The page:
The AGI coin is an ERC-20-compliant token at the moment, meaning it's compatible with ERC-20 wallets. However, this could change, as community votes could end up moving the platform to a new network. AGI is used for paying for services in the marketplace, and as we said above, gives Agents voting rights on the network. There were 1 billion AGI minted at the beginning of the project, with no sign that more will be created.

It's also not clear if you will ever be able to mine them, or if that could be a later option.

The Team Behind SingularityNET

This is one of the bigger teams we've seen in the blockchain community. While most teams consist of maybe 10 to 20 developers, SingularityNET can boast a team of over 60, with backgrounds mainly in artificial intelligence. The founder is Dr. Ben Goetzel, an AI developer who also heads the OpenCog Foundation and Artificial General Intelligence Society.

The team also features Dr. David Hanson of Hanson Robotics, the company behind noted AI robot Sophia (who's been featured on CNBC and Jimmy Fallon).

In another unique turn of events, the company lists Sophia the robot itself as a team member, in the role of “Chief Humanoid.” References have been made to her being a part of the network in its alpha stage, interacting with AI Agents to fulfill different functions for her in order for her to process a desired transaction for a specific result. While it's up for debate exactly how “really” artificially-intelligent Sophia is, it has to be admitted that including it as a part of the SingularityNET team is great PR for the platform.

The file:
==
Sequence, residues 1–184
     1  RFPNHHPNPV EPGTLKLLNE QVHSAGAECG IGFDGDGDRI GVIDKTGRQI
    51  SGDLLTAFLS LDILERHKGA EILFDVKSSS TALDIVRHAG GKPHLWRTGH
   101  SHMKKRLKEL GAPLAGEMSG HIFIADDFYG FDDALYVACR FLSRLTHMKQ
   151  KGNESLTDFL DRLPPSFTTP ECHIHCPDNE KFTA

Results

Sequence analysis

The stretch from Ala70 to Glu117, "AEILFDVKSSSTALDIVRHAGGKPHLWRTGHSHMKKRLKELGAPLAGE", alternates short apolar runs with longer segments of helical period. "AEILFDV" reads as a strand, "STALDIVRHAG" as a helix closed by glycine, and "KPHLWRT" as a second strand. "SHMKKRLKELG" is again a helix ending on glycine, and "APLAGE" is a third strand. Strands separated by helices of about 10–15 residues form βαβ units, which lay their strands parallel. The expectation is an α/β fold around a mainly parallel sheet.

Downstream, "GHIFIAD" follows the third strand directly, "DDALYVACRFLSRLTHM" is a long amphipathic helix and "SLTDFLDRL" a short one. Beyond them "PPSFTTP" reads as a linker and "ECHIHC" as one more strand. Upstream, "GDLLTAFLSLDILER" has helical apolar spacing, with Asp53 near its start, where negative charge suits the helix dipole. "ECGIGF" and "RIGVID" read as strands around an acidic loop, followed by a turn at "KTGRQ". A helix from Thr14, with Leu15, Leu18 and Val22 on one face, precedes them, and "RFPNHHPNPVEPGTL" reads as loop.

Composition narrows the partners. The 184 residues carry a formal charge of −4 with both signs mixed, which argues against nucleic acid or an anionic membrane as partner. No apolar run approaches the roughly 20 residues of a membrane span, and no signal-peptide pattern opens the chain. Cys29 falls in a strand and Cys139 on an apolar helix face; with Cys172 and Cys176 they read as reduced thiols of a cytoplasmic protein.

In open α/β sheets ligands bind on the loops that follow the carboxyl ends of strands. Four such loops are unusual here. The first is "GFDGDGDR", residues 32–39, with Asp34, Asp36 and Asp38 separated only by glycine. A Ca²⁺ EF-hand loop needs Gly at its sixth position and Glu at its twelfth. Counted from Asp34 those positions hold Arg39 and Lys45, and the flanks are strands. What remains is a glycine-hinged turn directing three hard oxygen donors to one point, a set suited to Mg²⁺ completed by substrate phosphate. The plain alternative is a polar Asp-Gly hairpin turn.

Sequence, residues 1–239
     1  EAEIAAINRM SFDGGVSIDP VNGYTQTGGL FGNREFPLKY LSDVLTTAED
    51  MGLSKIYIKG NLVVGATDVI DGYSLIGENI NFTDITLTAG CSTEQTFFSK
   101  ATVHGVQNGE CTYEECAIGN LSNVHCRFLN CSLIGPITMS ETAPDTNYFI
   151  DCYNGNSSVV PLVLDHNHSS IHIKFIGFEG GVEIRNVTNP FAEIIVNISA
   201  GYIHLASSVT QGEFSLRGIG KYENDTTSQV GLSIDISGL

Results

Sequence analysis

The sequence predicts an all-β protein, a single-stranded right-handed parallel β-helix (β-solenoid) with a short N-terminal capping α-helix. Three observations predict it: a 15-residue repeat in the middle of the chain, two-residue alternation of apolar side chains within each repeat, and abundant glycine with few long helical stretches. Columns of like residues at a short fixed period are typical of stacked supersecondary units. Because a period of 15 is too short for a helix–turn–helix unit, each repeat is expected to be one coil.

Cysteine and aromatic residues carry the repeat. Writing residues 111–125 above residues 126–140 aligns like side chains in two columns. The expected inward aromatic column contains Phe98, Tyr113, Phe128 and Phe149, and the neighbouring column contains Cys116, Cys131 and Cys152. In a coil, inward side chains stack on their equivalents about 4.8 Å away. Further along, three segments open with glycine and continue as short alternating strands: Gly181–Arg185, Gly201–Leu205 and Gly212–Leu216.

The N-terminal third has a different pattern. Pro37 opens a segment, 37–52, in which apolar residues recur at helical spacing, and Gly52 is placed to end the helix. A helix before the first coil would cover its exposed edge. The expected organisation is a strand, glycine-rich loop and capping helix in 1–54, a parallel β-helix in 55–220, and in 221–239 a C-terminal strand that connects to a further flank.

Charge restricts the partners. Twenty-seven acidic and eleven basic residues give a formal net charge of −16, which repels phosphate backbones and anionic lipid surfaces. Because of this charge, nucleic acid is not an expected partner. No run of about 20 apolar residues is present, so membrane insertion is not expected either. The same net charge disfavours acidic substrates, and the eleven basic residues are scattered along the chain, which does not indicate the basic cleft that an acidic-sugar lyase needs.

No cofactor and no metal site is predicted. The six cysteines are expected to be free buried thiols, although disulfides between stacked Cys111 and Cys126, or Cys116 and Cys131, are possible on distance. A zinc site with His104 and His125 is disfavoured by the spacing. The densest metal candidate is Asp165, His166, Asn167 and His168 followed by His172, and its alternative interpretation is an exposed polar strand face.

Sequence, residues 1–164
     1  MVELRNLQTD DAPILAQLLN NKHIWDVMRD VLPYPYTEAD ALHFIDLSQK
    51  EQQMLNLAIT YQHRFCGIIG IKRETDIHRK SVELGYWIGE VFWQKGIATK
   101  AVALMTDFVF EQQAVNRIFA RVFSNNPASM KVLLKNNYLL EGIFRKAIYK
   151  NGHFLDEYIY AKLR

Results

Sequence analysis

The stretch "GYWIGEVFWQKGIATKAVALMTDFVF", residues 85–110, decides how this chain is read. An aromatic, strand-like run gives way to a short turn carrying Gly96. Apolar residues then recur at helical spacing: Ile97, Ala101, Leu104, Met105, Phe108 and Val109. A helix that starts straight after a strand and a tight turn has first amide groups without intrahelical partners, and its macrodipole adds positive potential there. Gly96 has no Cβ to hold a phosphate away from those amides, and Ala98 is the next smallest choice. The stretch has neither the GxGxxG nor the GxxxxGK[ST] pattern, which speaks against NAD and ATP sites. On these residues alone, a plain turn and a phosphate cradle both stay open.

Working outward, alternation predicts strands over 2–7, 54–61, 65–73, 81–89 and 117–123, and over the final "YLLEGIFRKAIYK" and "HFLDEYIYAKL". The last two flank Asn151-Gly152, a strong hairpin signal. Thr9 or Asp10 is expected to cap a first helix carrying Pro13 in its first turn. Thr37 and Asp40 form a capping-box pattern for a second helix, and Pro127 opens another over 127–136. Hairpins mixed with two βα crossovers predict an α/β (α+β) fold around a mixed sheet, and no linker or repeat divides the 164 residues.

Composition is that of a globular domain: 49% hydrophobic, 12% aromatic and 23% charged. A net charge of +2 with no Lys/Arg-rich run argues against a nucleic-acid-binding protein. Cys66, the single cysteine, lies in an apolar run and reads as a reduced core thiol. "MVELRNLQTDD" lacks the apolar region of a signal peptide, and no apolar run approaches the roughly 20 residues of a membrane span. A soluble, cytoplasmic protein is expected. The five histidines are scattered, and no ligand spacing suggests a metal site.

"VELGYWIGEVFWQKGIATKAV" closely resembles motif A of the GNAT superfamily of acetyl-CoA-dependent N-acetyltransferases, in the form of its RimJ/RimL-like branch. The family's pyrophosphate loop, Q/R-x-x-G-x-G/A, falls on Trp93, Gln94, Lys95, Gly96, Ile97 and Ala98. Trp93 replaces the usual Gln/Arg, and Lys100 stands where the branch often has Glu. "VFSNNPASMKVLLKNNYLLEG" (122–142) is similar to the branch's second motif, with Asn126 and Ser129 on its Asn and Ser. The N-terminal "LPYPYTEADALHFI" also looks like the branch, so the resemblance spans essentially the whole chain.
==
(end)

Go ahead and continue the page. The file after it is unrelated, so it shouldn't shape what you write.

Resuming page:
Right now the platform is in alpha stage, and the beta is planned for release later in 2018. It'll have some competition, though, as you'll see on our list of the best altcoins of 2018.

Trading AGI

This is a brand-new company, so it hasn't had that much time to get going yet. With its trading beginning in January of 2018, it went from $0.54 to $1.85, before settling down closer to $0.40. The price is likely going to depend on announcements for similar projects (like DeepBrain), or new developments from the team, such as the release of the public beta. Another positive will be if SingularityNET announces any new partnerships, events that will make them look more competent and trustworthy with each new alliance.

Buying AGI

Most tokens that are just starting out can be hard to find, before they get picked up by major exchanges. Right now the best place to get AGI is at KuCoin, but you'll only be able to get it by trading for Bitcoin or Ethereum. You can also get it at IDEX and Tidex.